MORRISTOWN, NJ – The Morristown Planning Board reconvened for the first time nearly three months on Thursday, May 28 to continue the hearing of the M-Station East, LLC application, which saw a pair of key witnesses in the fields of traffic engineer and civil engineer.

The applicant’s proposed development includes 352,670 sq. feet of office space in two separate structures – a six-story building and a seven-story with an anchor tenant Deloitte, one of the "Big Four" accounting organizations and the largest professional services network in the world by revenue and number of professionals. The application also includes 29,530 square feet of retail area space as well as a parking garage with 889 spaces and 33 surface parking spaces.

Road reconfiguration, pedestrian improvements and a new roundabout at the intersection of Morris Street and Spring Street were among the traffic items proposed in this application and were discussed in detail by the first witness of the meeting, Matthew Seckler, principal of Stonefield Engineering Design based out of Rutherford, New Jersey.

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Seckler presented to the planning board a Traffic Impact Study in his testimony. The study, which he says was in accordance with standard industry procedures as outlined in the Institute of Transportation Engineers, included eliminating dozens of street parking spaces in an effort to widen Ridgedale Ave. and Lackawanna Pl. to account for the increase of traffic in the area and pedestrian safety as well as the proposed traffic roundabout.

The proposed roundabout pedestrian features for safety include:

  • HAWK & Rapid Flashing Beacons
  • Verbal Feedback Push Buttons
  • Bar tile tactical surface 
  • Bollard & Chain and landscaping around edge of roundabout
  • Shorter Crossing Distances

The construction of the roundabout will result in the demolition of several buildings including the Fatty’s, popular fast food grease truck style sandwich restaurant.

Morristown resident Stephen Zaklukiewicz, who has been an opponent of the application, questioned whether Seckler had taken into consideration the growth of surrounding communities such as that in Morris Township and whether that would result in an increase in traffic, especially during peak hours and with the Morristown Train Station being in close proximity to applicant’s proposal.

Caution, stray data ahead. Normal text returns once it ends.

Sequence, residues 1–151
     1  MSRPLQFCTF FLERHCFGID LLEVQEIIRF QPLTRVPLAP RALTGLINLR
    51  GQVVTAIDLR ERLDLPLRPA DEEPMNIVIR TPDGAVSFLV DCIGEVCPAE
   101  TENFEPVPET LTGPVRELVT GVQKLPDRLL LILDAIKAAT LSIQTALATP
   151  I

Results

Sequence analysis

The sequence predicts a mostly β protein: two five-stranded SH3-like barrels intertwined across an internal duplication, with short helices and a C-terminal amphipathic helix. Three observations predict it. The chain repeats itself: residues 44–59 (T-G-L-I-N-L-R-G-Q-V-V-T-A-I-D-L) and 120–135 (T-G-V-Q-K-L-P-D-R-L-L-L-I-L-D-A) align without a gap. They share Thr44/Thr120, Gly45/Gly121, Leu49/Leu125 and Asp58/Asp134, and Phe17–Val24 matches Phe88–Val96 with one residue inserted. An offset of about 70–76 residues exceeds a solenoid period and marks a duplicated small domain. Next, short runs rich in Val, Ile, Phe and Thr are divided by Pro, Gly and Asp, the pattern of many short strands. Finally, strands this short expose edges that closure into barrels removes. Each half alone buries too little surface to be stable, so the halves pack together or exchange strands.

Seckler’s response indicated that the dispersion of people a mile or two away from the proposed site would not create a surge affect in traffic. He also testified that he claims he took into consideration the growth rate over the next 20 years using a model established by NJDOT factors and the NJTPA 2040 Plan in which they look at projected residential employment and household growth figures.

The second witness of the hearing Sony David, an associate of Langan Engineering of Parsippany, New Jersey, testified on the civil engineering of the application, which is calling for several variances and deviations from the Morristown Redevelopment Plan.

Among the variances and deviations from the plan include:

  • a retaining wall is required to be setback from Block 3505, Lot 15.01 a minimum of 10’ and a retaining wall with a setback less than 10’ is proposed
  • a retaining wall shall have a maximum height of 8’ and a retaining wall greater than 8’ high is proposed
  • an arcade overhang shall have a minimum depth of 20’ on the west side of the East Building and an arcade overhang on the west side of the East Building with a depth less than 20’ is proposed

Planning board member Stefan Armington expressed concerns about potential flooding on Morris Street, but David suggested Morris County recently upgraded the storm drains in the area.

During the testimony it was revealed that the applicant requested to waive the environmental impact statement for this redevelopment before approval.

That was of particular concern to Zaklukiewicz, who questioned why it was not needed before Morristown Planning Board Attorney John Inglesino, Esq. quickly stepped in to elaborate.

“If this application is approved and if the waiver of an environmental impact statement is granted, that does not mean the subject will not be subject to the myriad of environmental rules and regulations that are promulgated by the (New Jersey Department of Environmental Protection),” explained Inglesino. “In fact, the applicant will be obligated to provide in compliance to those regulations and the resolution will specifically say so.”

Morristown Mayor Timothy Dougherty was particularly quiet throughout the hearing aside from a brief closing statement.

“I want to commend the civil engineer on his presentation – it was very well laid out,” Mayor Dougherty said. “It was clearly easy to see, easy read, easy to understand.”

“Testimony from the traffic engineer was great and easy to understand,” he added.

In October 2019, the Morristown Council approved the project despite receiving resistance from several residents of the community. However, it still needs to go through the planning board for approval.

The Planning Board will meet again in a virtual Zoom meeting on Thursday, June 4 at 7:00 p.m. and the public can participate. Meetings have been tentatively scheduled each week thereafter. In the forthcoming meetings the architect is expected to participate in the hearing.


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